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Marine Biology

, 166:68 | Cite as

Interspecific interactions, movement patterns and habitat use in a diverse coastal shark assemblage

  • Michelle R. HeupelEmail author
  • Samantha E. M. Munroe
  • Elodie J. I. Lédée
  • Andrew Chin
  • Colin A. Simpfendorfer
Original Paper

Abstract

Sharks are a highly diverse predatory taxon and are regularly found in large, potentially competitive, assemblages. However, the mechanisms that enable long-term coexistence and factors that drive complementary movement are poorly understood. As interspecific interactions can have a large influence on survival and trophic linkages, research on shark assemblages could substantially increase our understanding of marine community dynamics. In this study, we used passive acoustic telemetry to compare the activity space size, spatial overlap and habitat use patterns of six co-occurring shark species from the same family in a tropical nearshore embayment. Our results indicated that all sizes of Rhizoprionodon taylori (a small-bodied, highly productive species) used significantly larger amounts of space (e.g., mean 95% KUD = 85.9 km2) than juveniles of large-bodied, less productive species (e.g., Carcharhinus amboinensis; 62.3 km2) that use nearshore areas as nursery areas. Most large, less productive species appeared risk averse by using less space, while the smaller more productive species took greater risk by roaming broadly. These movement strategies are likely a means of avoiding predation or gaining access to new or additional resources. Spatial overlap patterns varied substantially between species with overlap in core use areas ranging from 1.2 to 27.6%, but were consistent over time. Most species exhibited low spatial overlap, suggesting spatial partitioning to reduce interspecific competition. While a few species exhibited a high degree of spatial overlap (up to 60% of activity space extent), dietary diversity may reduce competition to support co-occurrence. These data suggest that complex interactions occur in communal nurseries in nearshore waters where species are in direct competition for resources at vulnerable life stages.

Notes

Acknowledgements

We thank all the staff and students at the Centre for Sustainable Tropical Fisheries and Aquaculture and the countless volunteers for their assistance, especially D Knip.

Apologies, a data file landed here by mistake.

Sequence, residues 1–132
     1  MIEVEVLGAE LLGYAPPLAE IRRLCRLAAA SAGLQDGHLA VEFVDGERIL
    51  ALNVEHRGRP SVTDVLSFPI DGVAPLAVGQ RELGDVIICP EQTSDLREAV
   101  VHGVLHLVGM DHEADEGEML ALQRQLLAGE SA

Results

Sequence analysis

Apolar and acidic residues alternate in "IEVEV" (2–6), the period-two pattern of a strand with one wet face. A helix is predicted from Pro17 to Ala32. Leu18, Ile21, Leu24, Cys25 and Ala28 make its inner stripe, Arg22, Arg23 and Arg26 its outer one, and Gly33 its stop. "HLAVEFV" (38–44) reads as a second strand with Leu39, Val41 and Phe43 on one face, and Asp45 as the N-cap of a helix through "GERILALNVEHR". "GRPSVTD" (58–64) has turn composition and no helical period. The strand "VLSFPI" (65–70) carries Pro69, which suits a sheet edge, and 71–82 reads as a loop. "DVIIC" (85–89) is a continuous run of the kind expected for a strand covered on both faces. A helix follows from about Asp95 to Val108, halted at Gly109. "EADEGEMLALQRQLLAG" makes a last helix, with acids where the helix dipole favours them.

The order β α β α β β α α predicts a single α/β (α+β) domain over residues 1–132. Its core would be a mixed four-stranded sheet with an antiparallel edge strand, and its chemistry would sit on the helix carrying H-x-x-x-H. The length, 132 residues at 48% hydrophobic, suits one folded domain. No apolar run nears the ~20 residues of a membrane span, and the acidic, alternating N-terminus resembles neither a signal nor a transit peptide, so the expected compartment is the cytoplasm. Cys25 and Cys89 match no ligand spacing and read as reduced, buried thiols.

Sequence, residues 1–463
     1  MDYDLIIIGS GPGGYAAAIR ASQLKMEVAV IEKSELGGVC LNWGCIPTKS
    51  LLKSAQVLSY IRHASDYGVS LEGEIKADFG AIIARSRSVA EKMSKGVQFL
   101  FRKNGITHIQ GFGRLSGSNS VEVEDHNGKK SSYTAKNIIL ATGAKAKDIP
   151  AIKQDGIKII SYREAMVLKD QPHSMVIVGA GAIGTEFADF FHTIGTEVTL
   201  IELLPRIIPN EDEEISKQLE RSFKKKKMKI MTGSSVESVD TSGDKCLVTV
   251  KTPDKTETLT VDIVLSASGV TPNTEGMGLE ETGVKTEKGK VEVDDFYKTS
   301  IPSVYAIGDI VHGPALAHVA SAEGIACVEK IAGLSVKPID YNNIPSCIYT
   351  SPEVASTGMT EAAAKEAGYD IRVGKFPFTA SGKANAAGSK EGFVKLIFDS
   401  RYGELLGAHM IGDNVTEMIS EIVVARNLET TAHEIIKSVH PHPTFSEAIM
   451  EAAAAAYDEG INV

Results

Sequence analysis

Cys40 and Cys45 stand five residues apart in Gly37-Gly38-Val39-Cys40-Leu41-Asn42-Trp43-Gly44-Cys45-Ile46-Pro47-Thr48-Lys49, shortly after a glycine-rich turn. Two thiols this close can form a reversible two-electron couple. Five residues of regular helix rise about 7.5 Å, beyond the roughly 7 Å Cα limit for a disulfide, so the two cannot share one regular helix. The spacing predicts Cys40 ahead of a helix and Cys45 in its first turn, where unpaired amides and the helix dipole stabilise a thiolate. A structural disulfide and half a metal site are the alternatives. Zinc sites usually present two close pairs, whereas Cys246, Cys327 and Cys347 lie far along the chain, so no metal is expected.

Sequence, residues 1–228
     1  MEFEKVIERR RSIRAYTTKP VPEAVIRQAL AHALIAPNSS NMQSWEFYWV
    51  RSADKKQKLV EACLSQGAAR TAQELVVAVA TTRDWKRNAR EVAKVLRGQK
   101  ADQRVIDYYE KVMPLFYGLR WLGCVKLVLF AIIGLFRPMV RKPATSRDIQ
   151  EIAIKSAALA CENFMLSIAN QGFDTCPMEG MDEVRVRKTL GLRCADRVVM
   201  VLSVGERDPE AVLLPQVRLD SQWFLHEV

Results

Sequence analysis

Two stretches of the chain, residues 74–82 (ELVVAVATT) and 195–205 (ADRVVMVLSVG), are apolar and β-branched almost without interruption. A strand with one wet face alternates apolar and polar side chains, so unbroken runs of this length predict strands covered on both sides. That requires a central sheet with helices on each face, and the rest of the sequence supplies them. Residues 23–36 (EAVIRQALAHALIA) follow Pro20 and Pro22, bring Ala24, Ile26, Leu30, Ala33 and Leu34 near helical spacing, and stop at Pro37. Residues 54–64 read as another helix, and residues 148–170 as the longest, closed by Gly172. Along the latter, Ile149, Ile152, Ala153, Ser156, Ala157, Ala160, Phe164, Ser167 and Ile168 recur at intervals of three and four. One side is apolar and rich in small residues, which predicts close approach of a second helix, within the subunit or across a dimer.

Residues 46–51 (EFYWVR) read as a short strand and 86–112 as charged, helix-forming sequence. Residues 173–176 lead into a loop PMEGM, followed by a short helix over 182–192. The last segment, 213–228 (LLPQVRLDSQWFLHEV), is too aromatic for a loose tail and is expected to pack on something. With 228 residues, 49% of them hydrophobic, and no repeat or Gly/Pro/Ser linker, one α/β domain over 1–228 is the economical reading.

Funding

Funding for this research was provided by the Australian Research Council and Great Barrier Reef Marine Park Authority (GBRMPA) awarded to MRH and CAS; additional support was provided by the National Environmental Research Program awarded to CAS.

Compliance with ethical standards

Conflict of interest

The authors declare that they have no conflicts of interest.

Ethical approval

All applicable international, national, and/or institutional guidelines for the care and use of animals were followed. All research was conducted in accordance with James Cook University (JCU) animal ethics permit A1566 and Great Barrier Reef (G11/346181.1) and QDAF (144482) permits for animal collection.

Supplementary material

227_2019_3511_MOESM1_ESM.pdf (242 kb)
Supplementary material 1 (PDF 242 kb)

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Copyright information

© Springer-Verlag GmbH Germany, part of Springer Nature 2019

Authors and Affiliations

  • Michelle R. Heupel
    • 1
    • 2
    Email author
  • Samantha E. M. Munroe
    • 2
    • 3
  • Elodie J. I. Lédée
    • 2
    • 4
  • Andrew Chin
    • 2
  • Colin A. Simpfendorfer
    • 2
  1. 1.Australian Institute of Marine ScienceTownsvilleAustralia
  2. 2.Centre for Sustainable Tropical Fisheries and Aquaculture and College of Science and EngineeringJames Cook UniversityTownsvilleAustralia
  3. 3.TERN Ecosystem Surveillance Monitoring, School of Biological SciencesThe University of AdelaideAdelaideAustralia
  4. 4.Fish Ecology and Conservation Physiology Laboratory, Ottawa-Carleton Institute for BiologyCarleton UniversityOttawaCanada

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